ENDANGERED SPECIES

Nev. counties, miners sue to block sage grouse plans

Two northeast Nevada counties and two mining companies this week asked a federal judge to overturn the Obama administration's sweeping land-use plans for greater sage grouse, warning they could cripple the region's rural economy.

The lawsuit filed in the U.S. District Court for the District of Nevada is the first, and likely not last, to challenge the administration's efforts to keep the grouse off the threatened or endangered species list.

Elko and Eureka counties claim new restrictions imposed by the Bureau of Land Management and Forest Service will stifle their ability to mine, graze and produce energy on federal lands that make up 72 and 81 percent of their land bases, respectively.

Western Exploration LLC and Quantum Minerals LLC say the land-use plans violate their rights under the General Mining Law of 1872 and jeopardize tens of millions of dollars invested in northeast Nevada projects.

Elko Commissioner Demar Dahl said the plans -- which BLM and the U.S. Forest Service implemented to preclude an Endangered Species Act listing for the bird -- will harm the counties' three main industries: mining, grazing and recreation.

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"We just had no choice but to challenge that," he said this morning. "The effect that it is going to have on them is just devastating."

Among its many charges, Elko claims travel restrictions in the plans would hamper its ability to provide police and emergency services and that grazing restrictions will allow the build-up of vegetation that will fuel more wildfires.

The plaintiffs are asking the court to enjoin both agencies from implementing land-use plans covering parts of Nevada, California, Idaho, Oregon, Montana and Utah. They're also asking that the court block the government's decision to temporarily withdraw about 10 million acres of public lands from new mining claims under the 1872 law.

The 64-page complaint charges the agencies with violating several laws: the Federal Land Policy and Management Act of 1976, National Forest Management Act of 1976, National Environmental Policy Act of 1969, Small Business Regulatory Enforcement Fairness Act, Administrative Procedure Act, General Mining Act of 1872 and U.S. Constitution.

In short, plaintiffs feel BLM and the Forest Service have abandoned their multiple-use missions to kowtow to the Fish and Wildlife Service, whose primary mission is to preserve wildlife.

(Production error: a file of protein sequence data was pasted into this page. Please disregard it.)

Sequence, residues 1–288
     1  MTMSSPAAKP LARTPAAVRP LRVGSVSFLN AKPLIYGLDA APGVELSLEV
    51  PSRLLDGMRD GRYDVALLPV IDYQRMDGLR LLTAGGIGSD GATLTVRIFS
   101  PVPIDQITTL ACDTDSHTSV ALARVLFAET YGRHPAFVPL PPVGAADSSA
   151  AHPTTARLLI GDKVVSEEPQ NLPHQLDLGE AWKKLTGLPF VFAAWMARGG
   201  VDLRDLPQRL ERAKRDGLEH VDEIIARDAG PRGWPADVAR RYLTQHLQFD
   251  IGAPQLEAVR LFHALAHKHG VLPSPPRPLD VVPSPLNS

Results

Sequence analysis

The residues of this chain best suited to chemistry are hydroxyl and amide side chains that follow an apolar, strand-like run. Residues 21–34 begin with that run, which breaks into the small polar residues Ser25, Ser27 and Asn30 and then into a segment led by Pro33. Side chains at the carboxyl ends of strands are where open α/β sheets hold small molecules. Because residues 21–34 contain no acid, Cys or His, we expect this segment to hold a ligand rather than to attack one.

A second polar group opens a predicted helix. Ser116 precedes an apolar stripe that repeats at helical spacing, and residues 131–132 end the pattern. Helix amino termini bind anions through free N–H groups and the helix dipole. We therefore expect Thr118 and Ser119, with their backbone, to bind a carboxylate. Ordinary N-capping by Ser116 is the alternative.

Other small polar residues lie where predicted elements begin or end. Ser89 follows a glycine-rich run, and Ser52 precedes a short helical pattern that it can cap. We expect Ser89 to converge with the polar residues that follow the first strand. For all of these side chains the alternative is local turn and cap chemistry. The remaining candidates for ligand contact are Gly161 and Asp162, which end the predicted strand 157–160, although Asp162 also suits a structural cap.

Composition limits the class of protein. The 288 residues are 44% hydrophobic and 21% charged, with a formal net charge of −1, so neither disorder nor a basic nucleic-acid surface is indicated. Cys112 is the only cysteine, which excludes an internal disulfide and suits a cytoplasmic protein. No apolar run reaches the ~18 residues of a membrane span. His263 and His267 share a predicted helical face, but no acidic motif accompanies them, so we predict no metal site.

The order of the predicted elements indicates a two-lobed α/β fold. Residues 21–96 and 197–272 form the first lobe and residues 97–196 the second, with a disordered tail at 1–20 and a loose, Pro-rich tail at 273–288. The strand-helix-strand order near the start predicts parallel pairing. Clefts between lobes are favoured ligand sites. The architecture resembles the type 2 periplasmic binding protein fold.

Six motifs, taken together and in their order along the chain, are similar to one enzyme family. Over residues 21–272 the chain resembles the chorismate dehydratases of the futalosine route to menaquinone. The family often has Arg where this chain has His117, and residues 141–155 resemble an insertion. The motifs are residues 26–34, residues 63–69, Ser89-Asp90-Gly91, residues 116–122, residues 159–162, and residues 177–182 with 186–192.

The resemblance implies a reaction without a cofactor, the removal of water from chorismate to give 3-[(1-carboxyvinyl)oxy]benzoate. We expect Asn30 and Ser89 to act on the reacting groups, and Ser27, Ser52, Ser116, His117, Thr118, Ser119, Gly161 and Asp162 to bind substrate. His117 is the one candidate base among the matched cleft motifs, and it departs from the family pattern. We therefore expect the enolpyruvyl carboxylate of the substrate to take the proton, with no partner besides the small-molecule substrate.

"BLM admits that it has chosen to subordinate its multiple use and sustained yield mandate in order to influence FWS' listing determination, which is unlawful," the complaint says.

Interior spokeswoman Jessica Kershaw said the agency cannot comment on pending lawsuits but that the plans follow the best available science and were developed in close collaboration with state and local partners.

"We believe the plans are both balanced and effective -- protecting key sage grouse habitat and providing for sustainable development," she said. "We look forward to implementing them in collaboration with states and stakeholders."

Overturning the federal plans -- which affect a total of 67 million acres of grouse habitat in 10 states -- would throw a major wrench in the administration's sage grouse effort. The plans were the cornerstone in FWS's determination this week that grouse need no protections under the Endangered Species Act.

On balance, conservationists and sportsmen love the BLM and Forest Service plans, and at least four Western governors this week signaled they're a better alternative than a federal listing for the bird.

Among them was Nevada Gov. Brian Sandoval (R), who said in a statement this week he's "cautiously optimistic that this is good news for Nevada."

"Today we reinforce the fundamental importance of a public-private partnership where federal and local stakeholders have equal platforms and participate as partners," said Sandoval, who accompanied Interior Secretary Sally Jewell at a sage grouse event Tuesday in Colorado. "I appreciate Secretary Jewell's commitment to continue working with us and I take her at her word that we will collaborate in good faith during the next two years so that we have the opportunity to demonstrate that the Nevada plan provides the best conservation for sage-grouse in Nevada."

Utah Gov. Gary Herbert (R) and Idaho Gov. Butch Otter (R) were much less pleased with the land-use plans. They both signaled that debate over the plans -- in Congress and in the courts -- is not over.

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